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History of the Newtown area of Cambridge
Royal Commission Survey of Cambridge 1959: Downing Terrace and probably Gothic Cottage (Cambridge Chronicle 2 June 1820, 14 jan 1825), now incorporated in the ‘Cross Key’ inn, were just finished before the intensive building of New Town, called New Zealand prior to1822 (ibid 18 May 1822), was begun about 1820, though some houses already existed beside Hills Road (e.g. ibid 12 May, 6 Oct 1820). Union Road is mentioned in 1821 and Nos. 9-14 George IV Street bear the same date. In 1822 Wilkins sold the W part of his garden for a terrace, Annesley Place, now part of Panton Street; the terrace in the same street, just S of Union Road, followed (ibid 19 Aug 1825) and Nos 42-44 (evens) Panton Street are dated 1851 though in appearance rather earlier. By 1825 Coronation Street, princes Street, Queen Street had begun (ibid 11 June 1824, 13 May 1825); R G Baker’s map of 1830 shows most of the S side of the first built, Saxon Street behind Downing Terrace and Doric Street off it, and a beginning of the N end of Gothic Street. Terrace Lane must have been built soon afterwards. Russell Street is first heard of in 1835 under the name Gwydir Street when an ambitious scheme was announced for development near the ‘new Botanic gardens’ (ibid 13 Feb 1835); a start may have then been made but little was done before the end of the decade and most of the buildings in the street are of 1840 to 1850 and later; Nos. 77-81 are dated 1846, Nos. 84 and 85 1849; Russell Place was built before 1840 (ibid 18 July 1840). development of the area continued after 1850. Much of New Town was ill-built, and as early as 1850 the condition of Terrace lane and Annesley Place was unfavourably commented upon by the Board of Improvement Commissioners (ibid 21 Dec). The area immediately S of Saxon Street is now a slum.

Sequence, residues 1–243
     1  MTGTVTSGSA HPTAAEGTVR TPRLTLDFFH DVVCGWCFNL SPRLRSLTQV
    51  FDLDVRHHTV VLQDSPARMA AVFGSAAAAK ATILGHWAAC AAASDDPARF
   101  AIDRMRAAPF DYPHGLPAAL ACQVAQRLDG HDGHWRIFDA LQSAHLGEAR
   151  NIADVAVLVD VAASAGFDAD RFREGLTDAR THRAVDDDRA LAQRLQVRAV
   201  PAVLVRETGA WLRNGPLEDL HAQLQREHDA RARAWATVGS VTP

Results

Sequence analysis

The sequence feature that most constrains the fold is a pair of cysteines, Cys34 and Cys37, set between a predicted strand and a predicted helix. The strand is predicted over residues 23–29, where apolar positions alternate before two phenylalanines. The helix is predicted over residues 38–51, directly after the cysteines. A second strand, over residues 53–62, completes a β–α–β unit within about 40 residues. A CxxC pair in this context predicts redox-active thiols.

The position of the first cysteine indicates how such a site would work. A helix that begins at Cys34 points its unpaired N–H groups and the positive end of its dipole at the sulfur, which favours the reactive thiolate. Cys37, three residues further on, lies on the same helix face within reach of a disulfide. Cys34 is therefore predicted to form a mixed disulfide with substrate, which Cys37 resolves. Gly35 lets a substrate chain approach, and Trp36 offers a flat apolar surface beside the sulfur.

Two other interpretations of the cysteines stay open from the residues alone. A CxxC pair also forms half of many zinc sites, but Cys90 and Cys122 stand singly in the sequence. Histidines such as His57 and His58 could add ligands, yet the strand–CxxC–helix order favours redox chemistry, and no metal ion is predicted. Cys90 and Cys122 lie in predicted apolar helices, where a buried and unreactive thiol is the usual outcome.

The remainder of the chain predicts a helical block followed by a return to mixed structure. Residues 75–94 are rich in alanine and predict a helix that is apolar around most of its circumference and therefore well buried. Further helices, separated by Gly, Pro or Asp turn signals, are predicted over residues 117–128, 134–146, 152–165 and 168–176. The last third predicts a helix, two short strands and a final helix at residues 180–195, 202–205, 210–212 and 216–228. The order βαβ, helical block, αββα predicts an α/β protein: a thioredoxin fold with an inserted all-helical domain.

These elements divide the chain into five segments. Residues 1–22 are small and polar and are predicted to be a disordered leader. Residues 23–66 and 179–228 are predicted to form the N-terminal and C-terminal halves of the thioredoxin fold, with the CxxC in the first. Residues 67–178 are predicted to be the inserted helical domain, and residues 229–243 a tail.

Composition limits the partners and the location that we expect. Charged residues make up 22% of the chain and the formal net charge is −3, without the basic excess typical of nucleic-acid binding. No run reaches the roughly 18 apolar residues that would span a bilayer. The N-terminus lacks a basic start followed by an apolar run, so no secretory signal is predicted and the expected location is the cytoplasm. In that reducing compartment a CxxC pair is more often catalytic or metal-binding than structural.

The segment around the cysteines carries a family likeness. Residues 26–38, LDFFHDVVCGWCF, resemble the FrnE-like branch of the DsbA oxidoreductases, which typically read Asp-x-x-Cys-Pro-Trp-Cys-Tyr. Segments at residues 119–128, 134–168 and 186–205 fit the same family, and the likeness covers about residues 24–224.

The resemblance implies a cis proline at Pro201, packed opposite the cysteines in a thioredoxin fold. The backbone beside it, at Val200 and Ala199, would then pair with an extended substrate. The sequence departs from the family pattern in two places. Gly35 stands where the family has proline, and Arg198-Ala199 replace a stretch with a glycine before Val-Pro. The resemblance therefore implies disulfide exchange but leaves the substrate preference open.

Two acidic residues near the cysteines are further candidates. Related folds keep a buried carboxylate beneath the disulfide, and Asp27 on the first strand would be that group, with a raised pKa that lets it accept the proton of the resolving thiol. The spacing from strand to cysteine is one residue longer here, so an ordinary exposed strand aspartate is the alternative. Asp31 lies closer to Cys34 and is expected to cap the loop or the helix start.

The nickname New Zealand was probably coined because it was at the time such a remote part of town.
See Cambridge City Council conservation area study: